I urged her to speak to the school again and to get him properly assessed for learning difficulties and specifically dyslexia.  Alan definitely had dyslexic tendencies, so I decided that he needed to concentrate on improving his reading.  This problem with reading held him back in other subjects.  I put him on our reading programme which consists of a series of reading booklets, accompanied by audio CD’s, computer programmes and workbooks specifically designed to tackle reading strategies.

The reading scheme would:

  1. Teach him how to break down a word into syllables
  2. Help him to learn the sounds made by different letter combinations
  3. Make him become more fluent by recognising sight words.  Sight words are the most commonly used words in the English language and must be learnt by rote.  An example of a sight word is the word “the”, which cannot be worked out by the sounds of each letter in the word.
  4. Free up some more working memory when he is reading so that his reading comprehension improves.

Alan has recently been diagnosed as having “mild dyslexia” by a professional and it is now acknowledged at his school. The school are now giving him extra one-to-one support in reading and spelling and he will be given extra time in exams.  We re-assessed his reading this week and found that his reading age had gone up by 11 months in just 6 months.  His attitude to learning has changed and he now “takes pride in his work” says his teacher.  When I shared this good news with his mum, she said that at the last school parent’s evening he got an “outstanding” whereas previously he was getting “satisfactory”.

Children like Alan can easily slip through the net and learning difficulties like dyslexia can go undetected throughout a child’s schooling.  But once it is diagnosed, then it is fairly easy to rectify.  In Alan’s case, he had to read and do certain reading drills 2 or 3 times a week each lasting at least 30 minutes and he had to attend the centre twice a week.  I remember at times we nearly gave up because the progress just didn’t seem to come.  So it was a big commitment and it paid off.   And I think I’ll end with an appropriate quote …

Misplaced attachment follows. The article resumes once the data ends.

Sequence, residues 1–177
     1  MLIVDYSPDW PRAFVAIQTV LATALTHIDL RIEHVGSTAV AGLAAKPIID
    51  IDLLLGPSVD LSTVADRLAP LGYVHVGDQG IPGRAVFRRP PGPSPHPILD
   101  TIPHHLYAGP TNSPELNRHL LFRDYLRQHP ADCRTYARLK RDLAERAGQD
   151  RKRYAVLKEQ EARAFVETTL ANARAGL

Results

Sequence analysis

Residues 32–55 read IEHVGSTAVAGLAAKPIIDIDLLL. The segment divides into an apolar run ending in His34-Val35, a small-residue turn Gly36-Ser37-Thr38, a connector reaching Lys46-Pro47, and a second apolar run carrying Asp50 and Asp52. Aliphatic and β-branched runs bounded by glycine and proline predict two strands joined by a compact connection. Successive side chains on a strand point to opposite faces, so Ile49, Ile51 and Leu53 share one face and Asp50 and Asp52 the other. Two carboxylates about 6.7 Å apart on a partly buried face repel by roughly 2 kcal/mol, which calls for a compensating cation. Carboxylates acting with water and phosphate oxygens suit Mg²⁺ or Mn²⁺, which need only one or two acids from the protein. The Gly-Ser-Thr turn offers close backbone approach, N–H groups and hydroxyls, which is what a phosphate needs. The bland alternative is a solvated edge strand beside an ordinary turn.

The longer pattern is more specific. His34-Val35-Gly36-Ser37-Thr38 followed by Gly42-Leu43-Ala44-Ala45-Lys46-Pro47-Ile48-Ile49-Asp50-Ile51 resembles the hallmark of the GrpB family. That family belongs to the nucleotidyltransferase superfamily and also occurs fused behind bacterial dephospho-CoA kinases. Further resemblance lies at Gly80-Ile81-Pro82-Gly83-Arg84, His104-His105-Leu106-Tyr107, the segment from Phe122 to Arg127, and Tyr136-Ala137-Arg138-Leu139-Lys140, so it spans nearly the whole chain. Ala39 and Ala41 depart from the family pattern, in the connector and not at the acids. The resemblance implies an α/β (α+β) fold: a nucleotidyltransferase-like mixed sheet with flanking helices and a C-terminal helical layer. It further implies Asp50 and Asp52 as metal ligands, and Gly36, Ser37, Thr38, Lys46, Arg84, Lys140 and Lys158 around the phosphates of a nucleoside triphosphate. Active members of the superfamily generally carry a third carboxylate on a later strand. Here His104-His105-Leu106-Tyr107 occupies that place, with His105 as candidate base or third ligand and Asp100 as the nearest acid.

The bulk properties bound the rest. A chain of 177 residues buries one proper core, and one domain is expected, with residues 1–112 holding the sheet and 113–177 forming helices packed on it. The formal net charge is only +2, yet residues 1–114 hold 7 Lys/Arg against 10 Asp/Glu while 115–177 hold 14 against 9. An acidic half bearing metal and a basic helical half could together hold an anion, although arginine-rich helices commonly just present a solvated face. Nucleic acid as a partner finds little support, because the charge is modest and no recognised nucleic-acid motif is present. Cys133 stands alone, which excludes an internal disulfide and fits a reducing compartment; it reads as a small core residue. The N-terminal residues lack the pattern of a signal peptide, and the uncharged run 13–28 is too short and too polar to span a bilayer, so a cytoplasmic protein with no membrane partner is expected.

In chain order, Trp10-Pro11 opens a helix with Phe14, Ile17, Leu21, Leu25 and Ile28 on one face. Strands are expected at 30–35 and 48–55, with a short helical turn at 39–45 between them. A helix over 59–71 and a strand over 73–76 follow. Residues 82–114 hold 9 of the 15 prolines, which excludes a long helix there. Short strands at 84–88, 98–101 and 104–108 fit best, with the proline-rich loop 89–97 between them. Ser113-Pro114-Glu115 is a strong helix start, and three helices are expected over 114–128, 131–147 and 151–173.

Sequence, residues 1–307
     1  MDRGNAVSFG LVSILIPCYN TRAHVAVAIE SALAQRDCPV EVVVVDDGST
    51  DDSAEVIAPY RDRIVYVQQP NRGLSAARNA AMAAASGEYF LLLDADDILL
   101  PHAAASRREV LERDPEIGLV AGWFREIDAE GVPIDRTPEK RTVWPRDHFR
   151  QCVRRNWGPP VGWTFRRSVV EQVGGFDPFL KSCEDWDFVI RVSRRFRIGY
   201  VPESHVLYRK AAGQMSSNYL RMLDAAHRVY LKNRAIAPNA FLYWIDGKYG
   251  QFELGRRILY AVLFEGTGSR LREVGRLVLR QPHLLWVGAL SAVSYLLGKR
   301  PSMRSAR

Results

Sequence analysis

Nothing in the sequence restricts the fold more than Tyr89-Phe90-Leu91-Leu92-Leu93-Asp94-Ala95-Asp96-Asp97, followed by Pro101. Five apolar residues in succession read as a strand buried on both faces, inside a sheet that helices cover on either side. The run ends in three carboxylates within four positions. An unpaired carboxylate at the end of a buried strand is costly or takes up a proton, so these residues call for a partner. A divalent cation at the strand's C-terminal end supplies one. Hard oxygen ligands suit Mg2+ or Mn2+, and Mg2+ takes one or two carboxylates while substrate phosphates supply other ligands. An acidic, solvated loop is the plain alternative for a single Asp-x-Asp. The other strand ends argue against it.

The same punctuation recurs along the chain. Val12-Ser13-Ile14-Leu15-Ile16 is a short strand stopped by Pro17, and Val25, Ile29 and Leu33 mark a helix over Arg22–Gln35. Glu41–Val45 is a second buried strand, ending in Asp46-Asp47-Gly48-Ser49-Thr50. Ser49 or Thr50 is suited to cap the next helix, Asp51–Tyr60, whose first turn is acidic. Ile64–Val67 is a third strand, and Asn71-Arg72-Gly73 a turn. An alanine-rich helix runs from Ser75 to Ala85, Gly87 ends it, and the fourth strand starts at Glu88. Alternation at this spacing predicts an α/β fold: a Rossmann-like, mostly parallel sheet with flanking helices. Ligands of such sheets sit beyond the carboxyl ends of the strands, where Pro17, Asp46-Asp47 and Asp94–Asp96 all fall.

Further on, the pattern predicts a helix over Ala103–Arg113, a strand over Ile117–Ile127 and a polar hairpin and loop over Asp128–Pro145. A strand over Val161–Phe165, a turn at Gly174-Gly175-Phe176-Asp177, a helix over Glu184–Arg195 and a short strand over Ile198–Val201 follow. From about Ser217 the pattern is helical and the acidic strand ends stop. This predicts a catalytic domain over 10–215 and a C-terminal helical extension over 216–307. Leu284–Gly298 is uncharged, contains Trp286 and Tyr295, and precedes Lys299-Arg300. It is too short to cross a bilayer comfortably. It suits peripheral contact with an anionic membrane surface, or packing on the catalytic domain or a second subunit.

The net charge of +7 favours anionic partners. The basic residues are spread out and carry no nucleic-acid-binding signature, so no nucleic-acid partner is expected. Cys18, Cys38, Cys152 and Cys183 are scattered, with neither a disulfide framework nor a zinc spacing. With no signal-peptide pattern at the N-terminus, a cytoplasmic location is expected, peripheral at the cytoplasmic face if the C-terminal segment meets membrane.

“When you get into a tight place and everything goes against you, till it seems as though you could not hold on a minute longer, never give up then, for that is just the place and time that the tide will turn.” By Harriet Beecher Stowe (1811-1896) American writer and philanthropist.

When Your Child Needs Help With Reading

I have been fortunate enough to work with many youngsters over the past few years. Many have been academically able and highly motivated and have achieved outstanding results at school. Many have lacked self-belief and have needed encouragement and backing, in order to progress to levels they would not have believed possible. So I have decided to share some of these stories with you and hope to add new case studies on a regular basis.

Do you have a gut feeling that (s)he is not ‘doing fine’?

We are constantly told by mothers who bring their youngsters for assessments that they really regret not having listened to their hearts and trusting their own judgments (often from a year or several years before), rather than listening to those who tell them that their children are ‘doing fine.’ One such mother was 6-year-old Zach’s mother.